Source: The Shoddy Science Behind Mind Uploading – The Startup – Medium

Shape Security Blog : Key Findings from the 2018 Credential Spill Report

Shape Security Blog : Key Findings from the 2018 Credential Spill ReportIn 2016 we saw the world come to grips with the fact that data breaches are almost a matter of when, not if, as some of the world’s largest companies announced spills of incredible magnitude. In 2017 and 2018, we started to see regulatory agencies make it clear that companies need to proactively protect users from attacks fueled by these breaches as they show little sign of slowing.In the time between Shape’s inaugural 2017 Credential Spill Report and now, we’ve seen a vast number of new industries roll up under the Shape umbrella and, with that, troves of new data on how different verticals are exploited by attacker—from Retail and Airlines to Consumer Banking and Hotels. Shape’s 2018 Credential Spill Report is nearly 50% larger and includes deep dives on how these spills are used by criminals and how their attacks play out. We hope that the report helps companies and individuals understand the downstream impact these breaches have. Credential stuffing is the vehicle that enables endless iterations of fraud and it is critical to have eyes on the problem as soon as possible. This is a problem that is only getting worse and attackers are becoming more advanced at a rate that is devaluing modern mitigation techniques rapidly.Last year, over 2.3 billion credentials from 51 different organizations were reported compromised. We saw roughly the same number of spills reported each of the past 2 years, though the average size of the spill decreased slightly despite having a new record breaking announcement reported by Yahoo. Even after excluding Yahoo’s update from the measurements in 2017, we saw an average of 1 million credentials spilled every single day.These credential spills will affect us for years and, with an average time of 15 months between a breach and the report, attackers are already well ahead of the game before companies can even react to being compromised. This window of opportunity creates strong motives for criminals, as evidenced by the e-commerce sector where 90% of login traffic comes from credential stuffing attacks. The result is that attacks are successful as often as 3% of the time and the costs can quickly add up for businesses. Online retail loses about $6 billion per year while the consumer banking industry faces over $50 million per day in potential losses from attacks.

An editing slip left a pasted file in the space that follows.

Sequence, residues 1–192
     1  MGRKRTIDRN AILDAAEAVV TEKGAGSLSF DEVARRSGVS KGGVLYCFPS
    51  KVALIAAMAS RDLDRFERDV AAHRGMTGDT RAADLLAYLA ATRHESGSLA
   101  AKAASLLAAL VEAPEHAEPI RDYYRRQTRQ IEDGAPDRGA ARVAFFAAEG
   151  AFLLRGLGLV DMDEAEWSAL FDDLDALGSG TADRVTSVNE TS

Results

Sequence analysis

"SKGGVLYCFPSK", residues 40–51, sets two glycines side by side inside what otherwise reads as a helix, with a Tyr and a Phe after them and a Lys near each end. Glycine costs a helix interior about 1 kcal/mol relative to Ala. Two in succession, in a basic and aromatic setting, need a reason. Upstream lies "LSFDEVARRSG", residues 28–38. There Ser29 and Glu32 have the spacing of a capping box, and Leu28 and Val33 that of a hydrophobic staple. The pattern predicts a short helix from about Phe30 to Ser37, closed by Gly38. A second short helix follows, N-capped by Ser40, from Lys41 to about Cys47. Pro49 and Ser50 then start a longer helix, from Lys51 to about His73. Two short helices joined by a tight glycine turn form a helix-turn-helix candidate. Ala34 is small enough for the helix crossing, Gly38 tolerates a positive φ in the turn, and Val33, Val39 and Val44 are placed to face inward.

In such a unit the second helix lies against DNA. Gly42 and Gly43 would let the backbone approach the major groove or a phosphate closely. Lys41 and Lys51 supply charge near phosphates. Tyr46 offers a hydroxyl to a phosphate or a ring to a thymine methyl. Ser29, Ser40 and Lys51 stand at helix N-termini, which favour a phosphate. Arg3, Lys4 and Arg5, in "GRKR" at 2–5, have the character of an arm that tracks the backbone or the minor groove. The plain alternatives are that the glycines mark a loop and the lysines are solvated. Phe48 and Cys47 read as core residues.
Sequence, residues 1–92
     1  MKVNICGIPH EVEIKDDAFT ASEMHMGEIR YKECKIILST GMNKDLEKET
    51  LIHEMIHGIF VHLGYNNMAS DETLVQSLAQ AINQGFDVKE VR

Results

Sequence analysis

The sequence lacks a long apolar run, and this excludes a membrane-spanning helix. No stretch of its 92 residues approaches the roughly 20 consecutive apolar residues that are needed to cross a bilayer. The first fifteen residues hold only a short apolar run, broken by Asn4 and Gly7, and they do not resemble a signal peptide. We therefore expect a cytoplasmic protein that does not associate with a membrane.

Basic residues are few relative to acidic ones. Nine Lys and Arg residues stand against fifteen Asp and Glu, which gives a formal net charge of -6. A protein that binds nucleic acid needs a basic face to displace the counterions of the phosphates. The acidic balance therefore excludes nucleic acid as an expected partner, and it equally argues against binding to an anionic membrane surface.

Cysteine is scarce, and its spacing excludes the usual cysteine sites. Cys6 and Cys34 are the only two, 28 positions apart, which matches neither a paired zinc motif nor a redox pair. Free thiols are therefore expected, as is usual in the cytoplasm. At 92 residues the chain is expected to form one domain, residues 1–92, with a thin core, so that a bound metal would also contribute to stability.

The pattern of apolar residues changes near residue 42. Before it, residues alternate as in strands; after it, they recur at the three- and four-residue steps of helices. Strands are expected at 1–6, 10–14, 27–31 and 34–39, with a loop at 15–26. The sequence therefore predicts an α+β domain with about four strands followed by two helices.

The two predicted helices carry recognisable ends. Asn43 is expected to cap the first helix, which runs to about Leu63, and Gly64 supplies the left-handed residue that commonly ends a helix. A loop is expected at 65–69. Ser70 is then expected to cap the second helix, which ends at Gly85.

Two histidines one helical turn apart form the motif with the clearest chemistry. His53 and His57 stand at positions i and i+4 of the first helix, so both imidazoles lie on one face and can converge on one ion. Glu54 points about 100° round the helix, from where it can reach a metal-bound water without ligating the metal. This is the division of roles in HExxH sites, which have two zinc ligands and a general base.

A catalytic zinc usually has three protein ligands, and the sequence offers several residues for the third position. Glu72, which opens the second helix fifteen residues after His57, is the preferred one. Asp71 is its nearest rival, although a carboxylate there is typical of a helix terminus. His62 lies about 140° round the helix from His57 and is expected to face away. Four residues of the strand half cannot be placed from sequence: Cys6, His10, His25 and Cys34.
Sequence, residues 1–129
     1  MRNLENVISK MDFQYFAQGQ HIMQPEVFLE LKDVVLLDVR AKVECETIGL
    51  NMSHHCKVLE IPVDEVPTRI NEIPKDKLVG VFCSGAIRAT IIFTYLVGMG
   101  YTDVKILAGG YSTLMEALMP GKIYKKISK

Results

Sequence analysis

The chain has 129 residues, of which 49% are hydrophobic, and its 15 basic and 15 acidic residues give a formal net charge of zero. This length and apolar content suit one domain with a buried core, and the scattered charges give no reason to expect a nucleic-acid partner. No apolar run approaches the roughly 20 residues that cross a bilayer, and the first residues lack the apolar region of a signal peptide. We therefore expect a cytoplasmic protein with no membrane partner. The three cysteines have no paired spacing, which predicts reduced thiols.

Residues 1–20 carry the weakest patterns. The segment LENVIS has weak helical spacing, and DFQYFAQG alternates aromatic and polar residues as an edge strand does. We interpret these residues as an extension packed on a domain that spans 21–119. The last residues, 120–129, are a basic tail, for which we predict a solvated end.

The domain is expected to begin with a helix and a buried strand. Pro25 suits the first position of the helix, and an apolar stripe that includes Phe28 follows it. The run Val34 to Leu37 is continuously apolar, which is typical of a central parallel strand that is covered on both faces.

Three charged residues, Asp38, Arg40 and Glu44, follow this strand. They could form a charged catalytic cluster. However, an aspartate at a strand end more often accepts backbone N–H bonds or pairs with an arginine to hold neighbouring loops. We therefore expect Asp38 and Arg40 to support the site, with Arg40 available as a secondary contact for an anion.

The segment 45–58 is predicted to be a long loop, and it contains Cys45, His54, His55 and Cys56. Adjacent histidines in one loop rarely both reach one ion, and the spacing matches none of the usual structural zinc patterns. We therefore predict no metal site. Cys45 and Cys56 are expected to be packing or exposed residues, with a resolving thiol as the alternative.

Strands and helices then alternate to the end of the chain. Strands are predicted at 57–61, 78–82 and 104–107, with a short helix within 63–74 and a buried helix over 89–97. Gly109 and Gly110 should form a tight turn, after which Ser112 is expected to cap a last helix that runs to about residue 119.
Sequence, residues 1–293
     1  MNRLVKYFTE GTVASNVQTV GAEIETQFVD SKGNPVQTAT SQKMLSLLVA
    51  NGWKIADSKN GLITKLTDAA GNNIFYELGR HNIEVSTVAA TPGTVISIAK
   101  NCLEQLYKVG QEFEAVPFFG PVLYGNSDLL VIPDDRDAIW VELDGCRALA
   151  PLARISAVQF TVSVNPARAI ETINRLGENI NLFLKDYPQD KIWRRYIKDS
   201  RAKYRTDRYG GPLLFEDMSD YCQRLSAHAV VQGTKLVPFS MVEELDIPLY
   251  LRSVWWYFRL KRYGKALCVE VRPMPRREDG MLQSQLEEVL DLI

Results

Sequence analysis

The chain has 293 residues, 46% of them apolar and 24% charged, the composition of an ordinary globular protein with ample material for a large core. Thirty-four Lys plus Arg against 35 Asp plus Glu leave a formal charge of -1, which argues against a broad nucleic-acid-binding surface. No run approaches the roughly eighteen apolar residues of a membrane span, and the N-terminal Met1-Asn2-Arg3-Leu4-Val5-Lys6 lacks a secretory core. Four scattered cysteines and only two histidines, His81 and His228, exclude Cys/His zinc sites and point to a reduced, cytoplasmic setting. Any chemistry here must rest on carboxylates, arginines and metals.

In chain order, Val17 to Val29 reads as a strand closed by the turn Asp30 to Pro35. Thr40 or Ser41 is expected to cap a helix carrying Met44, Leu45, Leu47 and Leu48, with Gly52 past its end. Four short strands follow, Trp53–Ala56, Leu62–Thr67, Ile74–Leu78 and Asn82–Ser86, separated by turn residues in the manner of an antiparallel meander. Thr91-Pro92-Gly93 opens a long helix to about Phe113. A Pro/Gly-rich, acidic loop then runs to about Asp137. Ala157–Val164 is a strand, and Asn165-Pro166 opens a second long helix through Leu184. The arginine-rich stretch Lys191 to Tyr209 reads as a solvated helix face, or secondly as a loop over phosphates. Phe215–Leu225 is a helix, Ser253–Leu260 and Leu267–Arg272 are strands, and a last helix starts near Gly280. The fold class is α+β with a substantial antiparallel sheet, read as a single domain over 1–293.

Source: Shape Security Blog : Key Findings from the 2018 Credential Spill Report